Simulate password input box

During a log-in process there are times when I want autocomplete to work and times that I don’t (for security reasons). But even with autocomplete turned off, Firefox obligingly fills in the password once I supply the name.

To get around this (and fool Firefox), I’d like to simulate the HTML <input type=“password”> element with a javascript snippet that echose asterisks to an ordinary <input type=“text”> field. Does anyone have one of these floating aroun

Instead of trying to fake your way around, learn to control your web browser instead.

With Firefox, go to Tools -> Options -> Security -> Saved Passwords
and remove the passwords that you don’t want your web browser to remember.

Hi jrisken,

I turned off the autocomplete and it seems to work fine in firefox(my version 3.6). Please see the code below, here the for the first input field I have turned off the autcomplete and the second field I have not and it seems to be working


<form action=“form_action.asp” method=“get”>
First name: <input type=“text” name=“fname” autocomplete=“off”/><br />
Last name: <input type=“text” name=“lname” /><br />
<input type=“submit” value=“Submit” />


Hi johnny, thanks for responding. The trouble that the Original Poster is having is not related to autocomplete, which is why turning it off doesn’t solve the problem.
Instead, the web browser is filling in the password that it has previously been told to remember.

The solution is to remove that password from the list of passwords that the web browser remembers.

Also, from Tools -> Options -> Security you can tell Firefox whether it should remember passwords at all.

Hi pmw57
Thats makes sense

It’s not my browser I’m worried about. Presumably, if I can write JS I can configure the browser on my computer. It’s the browsers that the users of my application are using - whose configuration I obviously have no control over and which may sometimes be in a public place.

Firefox does indeed supply the saved password if the non-password box(es) are filled in correctly. I believe that their internal algorithm for supplying that fill-in depends on the html input type equaling ‘password’. So I want to be able to simulate the password functionality without using that ‘password’ type.

Now, you might chose to argue that what I’m trying to do makes no sense; but in the usage context for my application it makes perfect sense. Which is why I asked if anybody had anything that could do the emulation.

What on earth are you creating that would demand that I am forced to enter the password, instead of allowing me to have it remembered, if I so choose to, by my web browser?

…for my application the feature makes perfect sense. I take it you’re not aware of a useful snippet of code.

Not readily to hand. It’s a technique that’s is used when taking control of individual keystrokes entered into an input field.

The following resource on detecting keystrokes should be of further help for you.

I already have a sudoku-helper app that filters for numeric keys and enables directional arrows. It’s just that I estimate that writing and debugging the password module would probably take about three hours, and I’m not into reinventing the wheel when I can avoid it.

I didn’t answer your implied question earlier about why I would want to make your password life harder:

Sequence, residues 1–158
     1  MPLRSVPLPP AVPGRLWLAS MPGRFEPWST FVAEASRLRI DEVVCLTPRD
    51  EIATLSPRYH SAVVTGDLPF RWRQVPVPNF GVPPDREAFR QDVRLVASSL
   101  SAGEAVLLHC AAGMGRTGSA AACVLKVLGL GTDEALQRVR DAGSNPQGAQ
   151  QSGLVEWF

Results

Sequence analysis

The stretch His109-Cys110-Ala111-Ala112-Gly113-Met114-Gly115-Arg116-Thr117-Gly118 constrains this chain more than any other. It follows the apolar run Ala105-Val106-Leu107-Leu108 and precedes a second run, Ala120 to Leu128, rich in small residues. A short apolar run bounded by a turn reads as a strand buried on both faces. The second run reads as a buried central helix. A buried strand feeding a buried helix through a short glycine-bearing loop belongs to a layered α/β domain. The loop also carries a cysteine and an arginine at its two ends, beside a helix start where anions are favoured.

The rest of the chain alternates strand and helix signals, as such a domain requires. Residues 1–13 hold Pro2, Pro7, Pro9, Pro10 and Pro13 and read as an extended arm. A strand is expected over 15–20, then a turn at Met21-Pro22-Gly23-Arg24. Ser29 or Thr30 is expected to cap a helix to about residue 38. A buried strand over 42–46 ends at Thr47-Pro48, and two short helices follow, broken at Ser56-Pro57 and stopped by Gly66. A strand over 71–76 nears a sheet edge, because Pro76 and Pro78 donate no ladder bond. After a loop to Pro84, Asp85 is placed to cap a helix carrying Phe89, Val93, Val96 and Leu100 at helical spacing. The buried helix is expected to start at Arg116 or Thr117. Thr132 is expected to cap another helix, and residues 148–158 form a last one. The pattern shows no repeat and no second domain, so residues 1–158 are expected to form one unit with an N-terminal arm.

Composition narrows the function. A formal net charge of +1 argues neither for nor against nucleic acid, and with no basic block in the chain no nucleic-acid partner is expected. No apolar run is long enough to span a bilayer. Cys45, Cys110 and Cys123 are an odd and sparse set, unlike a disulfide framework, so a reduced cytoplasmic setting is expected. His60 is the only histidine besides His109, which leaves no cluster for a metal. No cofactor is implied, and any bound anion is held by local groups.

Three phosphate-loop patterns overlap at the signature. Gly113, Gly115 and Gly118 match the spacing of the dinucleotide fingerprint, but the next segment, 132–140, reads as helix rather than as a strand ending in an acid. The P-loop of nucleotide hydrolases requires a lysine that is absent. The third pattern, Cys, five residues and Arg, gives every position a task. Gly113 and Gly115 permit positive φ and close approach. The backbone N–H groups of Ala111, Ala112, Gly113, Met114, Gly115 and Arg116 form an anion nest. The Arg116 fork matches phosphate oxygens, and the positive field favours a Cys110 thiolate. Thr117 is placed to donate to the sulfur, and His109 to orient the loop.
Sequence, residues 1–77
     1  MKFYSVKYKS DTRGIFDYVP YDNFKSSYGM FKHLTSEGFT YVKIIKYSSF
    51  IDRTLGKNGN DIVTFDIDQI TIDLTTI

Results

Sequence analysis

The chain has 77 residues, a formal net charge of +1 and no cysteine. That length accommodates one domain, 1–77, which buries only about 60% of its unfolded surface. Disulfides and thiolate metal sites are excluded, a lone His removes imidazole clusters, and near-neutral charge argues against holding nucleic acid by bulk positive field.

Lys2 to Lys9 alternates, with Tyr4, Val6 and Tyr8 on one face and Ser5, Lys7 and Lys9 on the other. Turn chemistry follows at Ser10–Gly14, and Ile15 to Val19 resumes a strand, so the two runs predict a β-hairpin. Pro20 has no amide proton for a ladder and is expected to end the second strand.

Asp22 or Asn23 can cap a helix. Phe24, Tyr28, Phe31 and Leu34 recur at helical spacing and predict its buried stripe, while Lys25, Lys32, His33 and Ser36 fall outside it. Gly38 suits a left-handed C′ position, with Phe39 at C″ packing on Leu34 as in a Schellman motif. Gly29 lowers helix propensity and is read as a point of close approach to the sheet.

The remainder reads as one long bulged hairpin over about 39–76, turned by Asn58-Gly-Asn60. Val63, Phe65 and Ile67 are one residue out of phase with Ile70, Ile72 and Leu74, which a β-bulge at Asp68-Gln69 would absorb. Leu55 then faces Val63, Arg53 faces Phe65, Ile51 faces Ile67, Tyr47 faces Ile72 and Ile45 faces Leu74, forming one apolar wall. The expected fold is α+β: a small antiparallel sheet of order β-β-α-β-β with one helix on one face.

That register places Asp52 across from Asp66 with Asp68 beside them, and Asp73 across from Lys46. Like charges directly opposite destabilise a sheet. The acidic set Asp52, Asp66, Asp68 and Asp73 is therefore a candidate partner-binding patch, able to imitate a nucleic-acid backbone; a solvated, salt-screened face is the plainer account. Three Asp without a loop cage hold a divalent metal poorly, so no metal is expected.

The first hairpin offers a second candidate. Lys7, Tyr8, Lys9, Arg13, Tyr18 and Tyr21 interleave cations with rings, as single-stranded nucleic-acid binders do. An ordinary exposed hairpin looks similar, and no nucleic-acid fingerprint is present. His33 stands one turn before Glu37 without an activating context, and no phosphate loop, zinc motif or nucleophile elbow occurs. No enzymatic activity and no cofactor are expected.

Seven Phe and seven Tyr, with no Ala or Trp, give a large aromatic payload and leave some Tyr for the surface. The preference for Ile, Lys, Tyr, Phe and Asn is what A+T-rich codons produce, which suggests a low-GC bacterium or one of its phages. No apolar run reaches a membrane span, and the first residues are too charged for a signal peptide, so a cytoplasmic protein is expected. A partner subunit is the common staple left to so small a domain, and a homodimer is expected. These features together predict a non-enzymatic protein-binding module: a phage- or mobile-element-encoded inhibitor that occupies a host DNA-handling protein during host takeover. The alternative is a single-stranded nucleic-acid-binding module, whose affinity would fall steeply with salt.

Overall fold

My application is not one in which really important or unique resources are at stake. If it were, I would turn off all autocomplete and run under https. But the resources do have some value and my users are all volunteers who sometimes work at public wifi.

When they work at home, I want them to be able to let the browser do the remembering. When they work in public, I would hope they’d be smart enough not to have the browser store their info; but if they’re not that smart, and they leave the app up and someone else comes along after they time out and are forced to relog, I don’t want their stored info to let the intruder relog just by bringing up the form.

What I want to do is just a small, incremental level of security against foolishness and opportunism.

Well you could use the same or similar keystroke capturing event on the fake password field, and replace all the characters in the field with asterisks.

You shouldn’t have to do anything special when tab or enter is pressed. Just allow them to carry on through and the form will handle those as per usual.

If the field is displaying the password as asterisks then anyone can easily run a simple JavaScript to extract it as plain text. Displaying it as asterisks just prevents someone seeing the password by looking over your shoulder when you paste it into the field. If you type it in then they can see it as you type by watching the keyboard. If you walk away with the field filled in and displaying asterisks then they just convert back to plain text and then they know your password.

Well, slightly more complicated. My PHP code generator needs to create a text field and a hidden field. In JS I need to intercept all keypresses to the text field and store them in the hidden field, replacing the character headed for the text field with an asterisk.

And I have to handle the backspace, which is trivial, and the use of cursor keys to land in the middle of the growing text string, which is non-trivial.

As long as the hidden field, which contains the password, is sent by submit(), I’m home almost free - except for some server-side code that populates the text field with asterisks and the hidden field with the real thing in case there’s an error in the form and resubmission is required.

Response to Chapman. You’re correct. And if I had high-value material in the application, I’d stay with https and not allow any caching of passwords at all. In this situation I’m really worried more about casual opportunism than I am about deliberate intrusion.

Oh. And I’d also do IP restriction and personal challenges.